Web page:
How is the business around currently Amit? Is it very different from what the previous periods have been wherein the economy has been slowing down?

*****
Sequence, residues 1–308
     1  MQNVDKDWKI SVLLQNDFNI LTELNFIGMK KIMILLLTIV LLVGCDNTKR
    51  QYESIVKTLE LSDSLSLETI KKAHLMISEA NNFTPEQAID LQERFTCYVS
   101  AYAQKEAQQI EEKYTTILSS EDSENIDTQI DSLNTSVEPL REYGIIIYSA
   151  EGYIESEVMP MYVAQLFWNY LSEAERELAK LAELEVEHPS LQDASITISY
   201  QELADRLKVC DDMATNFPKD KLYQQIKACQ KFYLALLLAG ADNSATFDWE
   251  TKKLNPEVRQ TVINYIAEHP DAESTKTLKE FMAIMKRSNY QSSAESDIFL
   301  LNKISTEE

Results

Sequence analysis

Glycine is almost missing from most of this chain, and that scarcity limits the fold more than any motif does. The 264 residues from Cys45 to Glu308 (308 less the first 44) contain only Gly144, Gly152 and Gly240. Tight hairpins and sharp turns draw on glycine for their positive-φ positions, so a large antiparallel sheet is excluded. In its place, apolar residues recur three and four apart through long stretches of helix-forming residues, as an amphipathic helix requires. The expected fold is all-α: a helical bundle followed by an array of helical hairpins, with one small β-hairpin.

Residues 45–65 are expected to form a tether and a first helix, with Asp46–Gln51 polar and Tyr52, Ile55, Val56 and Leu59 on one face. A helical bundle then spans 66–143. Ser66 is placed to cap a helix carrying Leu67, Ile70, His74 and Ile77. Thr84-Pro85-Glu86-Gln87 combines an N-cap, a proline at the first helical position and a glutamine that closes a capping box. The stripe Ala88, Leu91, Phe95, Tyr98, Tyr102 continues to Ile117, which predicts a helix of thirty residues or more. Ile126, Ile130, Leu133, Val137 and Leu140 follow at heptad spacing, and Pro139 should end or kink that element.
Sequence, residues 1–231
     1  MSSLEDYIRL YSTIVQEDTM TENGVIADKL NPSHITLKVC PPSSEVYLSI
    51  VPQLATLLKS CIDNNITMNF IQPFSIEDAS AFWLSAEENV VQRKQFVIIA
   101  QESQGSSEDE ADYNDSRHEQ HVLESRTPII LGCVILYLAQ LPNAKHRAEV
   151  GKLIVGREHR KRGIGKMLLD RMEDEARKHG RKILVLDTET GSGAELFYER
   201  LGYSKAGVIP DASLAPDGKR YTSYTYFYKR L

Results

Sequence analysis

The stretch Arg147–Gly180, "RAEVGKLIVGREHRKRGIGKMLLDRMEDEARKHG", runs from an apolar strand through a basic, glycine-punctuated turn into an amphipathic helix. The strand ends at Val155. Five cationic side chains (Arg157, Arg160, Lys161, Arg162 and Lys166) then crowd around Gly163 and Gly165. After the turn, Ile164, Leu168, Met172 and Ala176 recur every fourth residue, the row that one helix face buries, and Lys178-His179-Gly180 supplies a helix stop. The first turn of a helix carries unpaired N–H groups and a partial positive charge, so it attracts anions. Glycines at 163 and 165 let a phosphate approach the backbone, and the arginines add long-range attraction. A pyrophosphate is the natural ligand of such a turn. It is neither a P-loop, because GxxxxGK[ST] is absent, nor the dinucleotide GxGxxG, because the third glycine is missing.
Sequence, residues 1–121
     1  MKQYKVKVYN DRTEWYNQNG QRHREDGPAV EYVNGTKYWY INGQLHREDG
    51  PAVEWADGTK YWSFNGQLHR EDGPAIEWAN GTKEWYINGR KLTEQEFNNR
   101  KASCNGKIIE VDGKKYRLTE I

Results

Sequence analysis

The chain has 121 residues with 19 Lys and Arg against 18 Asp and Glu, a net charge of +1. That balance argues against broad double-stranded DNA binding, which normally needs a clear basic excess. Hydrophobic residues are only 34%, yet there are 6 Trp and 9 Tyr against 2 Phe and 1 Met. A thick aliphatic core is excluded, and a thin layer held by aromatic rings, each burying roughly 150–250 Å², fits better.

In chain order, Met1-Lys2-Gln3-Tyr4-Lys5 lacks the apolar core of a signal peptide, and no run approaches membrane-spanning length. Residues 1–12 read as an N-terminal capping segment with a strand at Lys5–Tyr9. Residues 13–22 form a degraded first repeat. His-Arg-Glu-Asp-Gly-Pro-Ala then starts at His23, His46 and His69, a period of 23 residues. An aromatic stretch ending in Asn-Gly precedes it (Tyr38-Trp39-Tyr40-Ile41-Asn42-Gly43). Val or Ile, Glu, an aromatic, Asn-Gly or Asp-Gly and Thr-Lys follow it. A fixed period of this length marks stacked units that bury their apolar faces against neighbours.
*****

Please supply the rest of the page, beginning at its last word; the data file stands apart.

It is very different. I would say, it has impacted the morale of SME players like ours. It is really negative, because of various factors; starting with the liquidity crunch that we are facing, tightening of the liquidity coming from banks and NBFCs because obviously they have been given a guidance by the authorities to tighten up the grip, clean up the mess which in long term is a fantastic move for the country, the nation, for the banking system as a whole. But for short term, it is a pain point for players like us, where we constantly thrive for growth, for liquidity coming in, from banks, NBFCs, and from facilities for discounting and export packing credit etc. Right now it is a challenging situation for us. Not only that, I would say that what is happening is that due to the economy downturn the consumption store is also going down. So overall, the kind of demand that we have been witnessing, especially in the pharmaceutical sectors is, which I am sure most of the guys must be knowing that it is the only sector in the world which has never, ever de-grown globally which is primarily due to the essential nature of the goods. This is the first time ever, in domestic pharma industry that as a contract manufacturer, we are facing de-growth for the entire SME belt; not the big guys but the small guys.